People with disabilities ask for more long-term living options

    Advocates say service cuts will cost Pennsylvania money.

    People with disabilities and their advocates were at the Pennsylvania Capitol in Harrisburg Thursday to tell lawmakers that service cuts could force independent tax-payers into dependent living situations. (Photo: Flickr/itspaulkelly)

    Linda Anthony is policy director for the Disability Rights Network of Pennsylvania. She wants lawmakers to protect funds for care attendants and other services that keep people with disabilities out of nursing facilities

    Anthony: For people with physical disabilities like myself we use personal assistants, hands on someone comes to our home, helps us get out of bed, get dressed, prepare meals and get out the door and go to work.

    Governor Rendell says he’s revisiting his budget proposal to trim several hundred million dollars. Residents of all stripes are waiting to see what will be slashed.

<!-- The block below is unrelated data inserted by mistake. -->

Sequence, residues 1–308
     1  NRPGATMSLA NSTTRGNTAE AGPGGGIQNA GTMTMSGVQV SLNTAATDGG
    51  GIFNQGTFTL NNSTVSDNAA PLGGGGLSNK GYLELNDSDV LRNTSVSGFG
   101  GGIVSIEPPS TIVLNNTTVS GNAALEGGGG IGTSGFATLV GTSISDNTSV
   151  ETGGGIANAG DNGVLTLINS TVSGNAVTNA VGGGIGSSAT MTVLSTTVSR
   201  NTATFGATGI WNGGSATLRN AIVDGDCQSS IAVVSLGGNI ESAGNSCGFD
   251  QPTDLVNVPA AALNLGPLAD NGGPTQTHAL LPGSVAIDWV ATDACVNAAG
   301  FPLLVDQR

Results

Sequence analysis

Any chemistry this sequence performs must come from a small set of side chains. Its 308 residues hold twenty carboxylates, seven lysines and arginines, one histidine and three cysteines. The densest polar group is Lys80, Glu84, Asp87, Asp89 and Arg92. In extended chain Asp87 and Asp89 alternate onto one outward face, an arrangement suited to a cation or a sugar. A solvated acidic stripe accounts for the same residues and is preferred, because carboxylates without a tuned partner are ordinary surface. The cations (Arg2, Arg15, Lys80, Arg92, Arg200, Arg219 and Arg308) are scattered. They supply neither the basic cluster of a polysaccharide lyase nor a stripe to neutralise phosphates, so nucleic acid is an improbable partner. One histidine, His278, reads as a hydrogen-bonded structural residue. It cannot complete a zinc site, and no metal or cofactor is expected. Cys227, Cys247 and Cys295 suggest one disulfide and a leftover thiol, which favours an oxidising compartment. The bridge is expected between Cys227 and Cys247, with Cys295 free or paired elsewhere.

Philadelphia resident Cassie James Holdsworth uses a wheelchair, and is also an organizer for the advocacy group Adapt.

    Holdsworth: Most people want to be in the community as long as they possibly can. But there’s a Medicaid bias that forces people into nursing homes. And if we have service cuts that forces people into nursing homes.

    Holdsworth joined other people with disabilities and their allies in a Harrisburg rally Thursday.

    Adapt wants to re-balance Medicaid funding so that 50 percent of disability dollars support people living in the community, or their own homes, instead of long-term care in institutions. Holdsworth says the split is about 80-20 now.

    Holdsworth says the state Senate has considered cuts that would leave people without the care attendants that help them lead productive lives.

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